• ‘After three hard years of college, Rindy graduated with a degree in business.’
    • ‘I am now in my last year of college and I am getting ready to graduate with a masters degree.’
    • ‘Students who fail to achieve minimum scores on state tests are prevented from graduating from high school with full academic diplomas.’
    • ‘For example in the North Texas Tongan Catholic Community, one out of five students graduated from high school.’
    • ‘Students must now pass proficiency exams in order to enter and graduate from high school, replacing the system of social promotion.’
    • ‘By the time he graduated from high school his schoolmates had voted him ‘person most likely to succeed’.’
    qualify, pass one's exams, pass, be certified, be licensed
    View synonyms
    1. 1.1US informal [with object] Receive an academic degree from.
      ‘she graduated college in 1970’
      • ‘She graduated college with a degree in Art History but didn't work a day since receiving her diploma.’
      • ‘As a result, she graduated college with a degree in engineering even though she couldn't draw a straight line.’
      • ‘At 23, she was employed by Newsweek-Paris shortly after graduating college with a degree in journalism.’
      • ‘I just graduated college and I have to start paying back my student loan soon.’
      • ‘She was bound and determined to have a job before graduating college.’
      • ‘In fact, they had dated for over 6 years and they were planning to get married when she graduated college.’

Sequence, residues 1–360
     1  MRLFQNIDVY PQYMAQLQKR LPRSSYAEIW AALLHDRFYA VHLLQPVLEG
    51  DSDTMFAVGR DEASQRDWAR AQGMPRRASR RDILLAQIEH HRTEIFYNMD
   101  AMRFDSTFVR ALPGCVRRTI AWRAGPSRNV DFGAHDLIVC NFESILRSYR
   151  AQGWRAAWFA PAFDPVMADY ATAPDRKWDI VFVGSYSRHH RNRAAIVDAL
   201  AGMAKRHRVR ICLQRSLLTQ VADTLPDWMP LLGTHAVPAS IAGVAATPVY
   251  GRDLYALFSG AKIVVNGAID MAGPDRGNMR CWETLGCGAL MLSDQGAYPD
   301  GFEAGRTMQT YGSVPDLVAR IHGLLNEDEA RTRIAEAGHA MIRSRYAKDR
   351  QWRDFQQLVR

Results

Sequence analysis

• ‘After I graduated college I took a full time job as a phone reservationist for an airline which had me sitting at a phone for eight hours a day fielding phone calls from the American public.’
      • ‘We want to end a system where youth from low-income areas are seven times less likely to graduate college than youth from high-income areas.’
      • ‘She graduated college with a Master's degree and now works for and organization to stop assassinations.’
      • ‘Before I graduated college I had worked on several campaigns and spent a summer interning.’
      • ‘They both published bestselling first novels called Less Than Zero before graduating college.’
      • ‘I'm 21 years old, in three months I will be graduating college, and I have absolutely no idea what the future holds in store for me.’
      • ‘Back in 1996, just after I graduated college, I drifted for a time rootless and aimless.’
      • ‘During college and right after graduating college, I spent many a Saturday at my parents' house, borrowing their laundry facilities.’